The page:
As far as these things go, Local Dirt looks pretty good: Founded last year in Madison, Wisc., the website puts local farmers in touch with food buyers, including restaurants, grocery stores, and individuals. The site posts information about local farms across the country, including profiles of the owners, and a product ordered through the site comes labeled with the farm's name as well as the number of miles it traveled to reach the customer. As of an Inc. magazine report early last month, 1,000 businesses had signed up for the service ― at $360 a pop.
In the Bay Area, local growers are demi-celebrities. They appear on panels and give lectures and interviews. Their esoteric ranch and farm names speckle the menus of famous restaurants eager to reveal the worthy provenance of their ingredients. Tourists (and a few real shoppers) flock their stalls at the Ferry Plaza farmers' market. While the trend of celebrating farmers and artisan producers has definitely spread out around the country, such operations bask in less luminous lights in other regions.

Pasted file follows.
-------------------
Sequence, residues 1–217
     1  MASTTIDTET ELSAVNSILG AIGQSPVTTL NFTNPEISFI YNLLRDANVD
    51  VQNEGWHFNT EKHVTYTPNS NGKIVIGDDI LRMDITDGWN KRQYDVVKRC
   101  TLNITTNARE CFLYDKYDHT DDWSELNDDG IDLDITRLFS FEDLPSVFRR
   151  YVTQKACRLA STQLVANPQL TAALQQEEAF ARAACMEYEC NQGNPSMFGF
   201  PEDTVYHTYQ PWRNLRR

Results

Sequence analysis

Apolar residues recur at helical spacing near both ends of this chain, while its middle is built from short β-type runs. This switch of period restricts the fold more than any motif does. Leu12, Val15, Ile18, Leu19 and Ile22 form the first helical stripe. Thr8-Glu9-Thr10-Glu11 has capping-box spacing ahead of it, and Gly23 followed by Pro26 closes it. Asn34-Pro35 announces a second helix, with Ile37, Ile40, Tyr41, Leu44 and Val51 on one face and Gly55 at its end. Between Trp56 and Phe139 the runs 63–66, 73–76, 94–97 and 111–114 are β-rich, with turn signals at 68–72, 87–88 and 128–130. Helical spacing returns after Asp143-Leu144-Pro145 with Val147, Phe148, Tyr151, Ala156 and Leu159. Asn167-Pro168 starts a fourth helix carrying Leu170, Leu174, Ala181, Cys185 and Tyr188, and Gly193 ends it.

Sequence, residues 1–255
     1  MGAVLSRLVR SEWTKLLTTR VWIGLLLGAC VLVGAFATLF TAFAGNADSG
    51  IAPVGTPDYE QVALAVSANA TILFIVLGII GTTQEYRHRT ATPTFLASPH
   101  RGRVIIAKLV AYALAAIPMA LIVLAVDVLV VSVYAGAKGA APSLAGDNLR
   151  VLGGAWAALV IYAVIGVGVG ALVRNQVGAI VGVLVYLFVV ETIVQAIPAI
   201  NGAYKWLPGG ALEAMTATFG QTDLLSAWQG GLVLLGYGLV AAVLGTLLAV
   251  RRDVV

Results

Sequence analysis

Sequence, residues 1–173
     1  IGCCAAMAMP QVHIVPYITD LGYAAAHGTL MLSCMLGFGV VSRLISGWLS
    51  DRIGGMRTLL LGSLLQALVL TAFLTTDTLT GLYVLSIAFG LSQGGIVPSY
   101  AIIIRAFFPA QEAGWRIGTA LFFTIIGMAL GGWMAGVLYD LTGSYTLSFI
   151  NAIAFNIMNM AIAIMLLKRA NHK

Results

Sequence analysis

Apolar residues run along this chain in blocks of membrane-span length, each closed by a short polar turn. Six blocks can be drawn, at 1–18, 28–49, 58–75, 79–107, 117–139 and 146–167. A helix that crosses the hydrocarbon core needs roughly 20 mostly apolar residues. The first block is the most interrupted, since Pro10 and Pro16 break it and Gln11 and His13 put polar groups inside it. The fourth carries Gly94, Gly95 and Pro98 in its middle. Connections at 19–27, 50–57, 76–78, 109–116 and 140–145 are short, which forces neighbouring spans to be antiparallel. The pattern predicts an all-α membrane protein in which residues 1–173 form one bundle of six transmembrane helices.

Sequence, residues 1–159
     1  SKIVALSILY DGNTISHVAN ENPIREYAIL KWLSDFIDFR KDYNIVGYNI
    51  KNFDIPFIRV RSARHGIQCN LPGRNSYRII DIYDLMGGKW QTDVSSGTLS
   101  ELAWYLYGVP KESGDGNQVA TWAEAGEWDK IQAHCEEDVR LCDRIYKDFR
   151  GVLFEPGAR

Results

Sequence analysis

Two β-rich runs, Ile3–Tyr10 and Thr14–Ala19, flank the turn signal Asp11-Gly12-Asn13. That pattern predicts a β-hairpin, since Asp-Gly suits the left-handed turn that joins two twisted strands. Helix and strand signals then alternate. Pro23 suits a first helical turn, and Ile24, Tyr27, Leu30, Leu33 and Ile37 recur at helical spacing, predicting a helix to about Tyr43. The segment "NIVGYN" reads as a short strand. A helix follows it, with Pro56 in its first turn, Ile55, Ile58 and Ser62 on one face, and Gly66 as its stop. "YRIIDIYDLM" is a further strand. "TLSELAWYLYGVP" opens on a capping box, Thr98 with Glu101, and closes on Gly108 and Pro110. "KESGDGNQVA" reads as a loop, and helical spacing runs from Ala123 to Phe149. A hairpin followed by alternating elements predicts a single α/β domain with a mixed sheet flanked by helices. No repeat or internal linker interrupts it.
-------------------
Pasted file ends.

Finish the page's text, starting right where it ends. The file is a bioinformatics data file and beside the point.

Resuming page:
Thus, Local Dirt's real effect may be felt far from here. For example, we searched for farms within 100 miles of our hometown ― a largely full-grown city in a state tucked between the Midwest and South ― and immediately uncovered a fancy sustainable wildflower honey producer we never knew existed. At the same time, Local Dirt will probably get more attention around these parts ― invariably a hotbed for emerging local foods trends.